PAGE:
71. 71.  Some NANDA Labels contain the word specify. For these the nurse must add words to indicate the problem more specifically. Eg. Noncompliance (specify) Noncompliance (Diabetic Diet) related to denial of having disease. For ease in alphabetizing, many NANDA lists are arranged with qualifying words after the main word (Eg. Infection, Risk For). Avoid writing Diagnostic statements in that manner instead, write them as they would be stated in normal conversation (Eg. Risk for infection)
  72. 72. BASIC THREE PART STATEMENTS The three part Diagnostic Statements called the PES format and includes the following:1] Problem (P) :- Statement of the client’s response (NANDA Label)2] Etiology (E) :- Factors contributing to or probable cause of the response.3] S/S (S) :- Defining characteristics manifested by the client.
  73. 73.  Actual nursing diagnoses can be documented by using the three part statement  because the signs & symptoms have been identified. This format cannot be used for risk diagnoses  because the client doesn’t have signs & symptoms of the diagnosis.
  74. 74. EG. OF 3 PART STATEMENT Problem Related Etiology As manifested Signs & symptoms To bySituational Related to Rejection by As manifested by States that “I don’t know if I canLow Self husbandEsteem manage by myself” Rejects positive feed back.Hyperthermia Related to Bacterial infection As manifested by Elevated body temperature. 1000F Increased pulse rate 92bt/mt Increased R.R 30br/mt Dry lips . States Fatigue, tired. Feels so Hot Reduced Skin turgor.Ineffective Related to Viscious secretions As manifested by Viscious secretions, shallow chestbreathingpattern expansion.
  75. 75. ONE PART STATEMENTS Wellness diagnoses and Syndrome nursing diagnoses. As the diagnostic labels are refined they tend to become more specific, so that nursing interventions can be derived from the label itself. Therefore an etiology may not be needed. The wellness diagnoses statement begins with words Readiness for Enhanced (Parenting, Spiritual well being, Effective breast feeding, Health seeking behaviors, Anticipatory Grieving Low fat Diet.)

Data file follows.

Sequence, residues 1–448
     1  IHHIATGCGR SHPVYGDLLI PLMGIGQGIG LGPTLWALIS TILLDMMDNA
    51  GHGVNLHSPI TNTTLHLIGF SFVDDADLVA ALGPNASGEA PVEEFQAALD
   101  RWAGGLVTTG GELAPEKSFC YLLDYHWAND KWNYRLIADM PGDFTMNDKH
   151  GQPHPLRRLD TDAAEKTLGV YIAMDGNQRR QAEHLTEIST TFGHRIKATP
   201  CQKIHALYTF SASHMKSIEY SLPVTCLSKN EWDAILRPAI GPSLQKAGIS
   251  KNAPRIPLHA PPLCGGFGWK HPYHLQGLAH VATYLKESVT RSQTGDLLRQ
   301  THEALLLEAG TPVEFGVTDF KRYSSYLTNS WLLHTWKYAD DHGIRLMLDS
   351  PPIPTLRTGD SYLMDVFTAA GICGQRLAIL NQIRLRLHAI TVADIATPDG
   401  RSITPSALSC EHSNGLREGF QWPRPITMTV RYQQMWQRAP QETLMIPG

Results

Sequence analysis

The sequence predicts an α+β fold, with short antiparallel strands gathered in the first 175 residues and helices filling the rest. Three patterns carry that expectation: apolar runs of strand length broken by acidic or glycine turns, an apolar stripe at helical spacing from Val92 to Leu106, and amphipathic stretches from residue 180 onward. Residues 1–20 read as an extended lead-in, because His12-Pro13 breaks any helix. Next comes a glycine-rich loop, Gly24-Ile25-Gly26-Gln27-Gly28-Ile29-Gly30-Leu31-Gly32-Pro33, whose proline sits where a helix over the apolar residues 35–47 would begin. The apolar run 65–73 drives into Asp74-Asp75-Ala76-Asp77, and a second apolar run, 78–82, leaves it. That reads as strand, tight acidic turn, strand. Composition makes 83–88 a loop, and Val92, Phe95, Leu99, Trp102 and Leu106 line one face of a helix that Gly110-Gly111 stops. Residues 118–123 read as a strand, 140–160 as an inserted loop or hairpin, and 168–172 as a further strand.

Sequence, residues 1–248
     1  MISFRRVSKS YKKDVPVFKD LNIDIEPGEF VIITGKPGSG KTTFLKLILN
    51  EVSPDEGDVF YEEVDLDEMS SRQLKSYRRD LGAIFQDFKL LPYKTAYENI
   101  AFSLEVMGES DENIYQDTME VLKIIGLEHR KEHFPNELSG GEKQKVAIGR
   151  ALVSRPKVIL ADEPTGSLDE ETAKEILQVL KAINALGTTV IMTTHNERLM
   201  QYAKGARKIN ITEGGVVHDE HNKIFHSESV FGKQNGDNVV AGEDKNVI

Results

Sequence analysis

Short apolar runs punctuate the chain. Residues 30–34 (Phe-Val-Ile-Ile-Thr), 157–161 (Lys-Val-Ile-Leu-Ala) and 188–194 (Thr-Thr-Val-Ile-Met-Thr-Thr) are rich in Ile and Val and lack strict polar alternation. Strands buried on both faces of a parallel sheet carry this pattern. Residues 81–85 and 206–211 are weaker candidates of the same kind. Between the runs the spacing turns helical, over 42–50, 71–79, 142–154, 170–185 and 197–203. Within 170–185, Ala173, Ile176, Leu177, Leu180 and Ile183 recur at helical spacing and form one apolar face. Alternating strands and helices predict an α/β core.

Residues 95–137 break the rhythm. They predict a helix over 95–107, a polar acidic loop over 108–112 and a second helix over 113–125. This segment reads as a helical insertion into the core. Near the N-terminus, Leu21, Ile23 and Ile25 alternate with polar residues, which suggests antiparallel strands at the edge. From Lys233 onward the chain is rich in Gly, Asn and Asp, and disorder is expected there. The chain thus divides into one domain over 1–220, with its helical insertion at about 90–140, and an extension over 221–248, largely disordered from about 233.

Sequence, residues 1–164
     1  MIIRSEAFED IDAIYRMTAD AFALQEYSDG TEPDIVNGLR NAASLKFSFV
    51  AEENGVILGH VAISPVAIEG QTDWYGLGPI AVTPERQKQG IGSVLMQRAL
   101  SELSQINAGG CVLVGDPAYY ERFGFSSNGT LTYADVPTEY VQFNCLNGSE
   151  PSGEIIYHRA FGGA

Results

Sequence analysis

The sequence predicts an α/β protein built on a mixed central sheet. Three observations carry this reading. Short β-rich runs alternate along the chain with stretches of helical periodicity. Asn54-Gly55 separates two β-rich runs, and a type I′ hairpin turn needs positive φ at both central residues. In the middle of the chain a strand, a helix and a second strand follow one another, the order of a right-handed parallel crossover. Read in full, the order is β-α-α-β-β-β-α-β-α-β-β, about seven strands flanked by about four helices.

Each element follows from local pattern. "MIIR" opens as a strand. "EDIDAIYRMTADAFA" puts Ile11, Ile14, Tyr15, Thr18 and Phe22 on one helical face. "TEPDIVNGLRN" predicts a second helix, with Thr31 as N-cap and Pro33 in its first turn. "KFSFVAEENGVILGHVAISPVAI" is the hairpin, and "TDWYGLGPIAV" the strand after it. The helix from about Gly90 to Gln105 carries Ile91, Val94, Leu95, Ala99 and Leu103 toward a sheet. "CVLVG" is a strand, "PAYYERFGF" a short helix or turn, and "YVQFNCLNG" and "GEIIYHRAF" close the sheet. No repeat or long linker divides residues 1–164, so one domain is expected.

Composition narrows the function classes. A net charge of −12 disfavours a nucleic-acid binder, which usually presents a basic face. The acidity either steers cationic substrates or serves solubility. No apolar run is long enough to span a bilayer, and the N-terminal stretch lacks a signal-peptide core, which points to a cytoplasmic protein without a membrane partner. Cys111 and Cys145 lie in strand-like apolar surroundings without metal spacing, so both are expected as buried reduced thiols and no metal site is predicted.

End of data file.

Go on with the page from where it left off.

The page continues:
76. 76. GUIDELINES FOR WRITING A NURSING DIAGNOSTIC STATEMENTSl Correct statement IncorrectNo.1 State in terms of Deficient fluid volume Fluid replacement problem, not a related to fever (need) related to fever. need.2 Word the statement Impaired skin integrity Impaired skin integrity so that it is legally related to immobility related to improper advisable (legally acceptable) positioning (implies legal liability)3 Use nonjudgmental Spiritual distress related Spiritual distress statements to inability to attend related to strict rules church services necessitating church secondary to immobility attendance (Nonjudgmental)
  77. 77. GUIDELINES FOR WRITING A NURSING DIAGNOSTIC STATEMENTSl Correct IncorrectNo. statement 4 Make sure that both Impaired skin Impaired skin elements of the statement integrity (ulcer integrity don’t say the same thing. in sacral area) related to related to ulceration of immobility. sacral area. 5 Be sure that cause and Pain severe Pain related to effect are correctly stated head ache severe head (that is the etiology related to fear ache. causes the problem) of addiction to narcotics
  78. 78. GUIDELINES FOR WRITING A NURSING DIAGNOSTIC STATEMENTSl Correct statement IncorrectNo. 6 Word the diagnosis Impaired oral Impaired oral specifically and mucus membrane mucus precisely to provide related to membrane direction for decreased related to planning nursing salivation noxious agent intervention secondary to (vague) radiation of neck. (specific)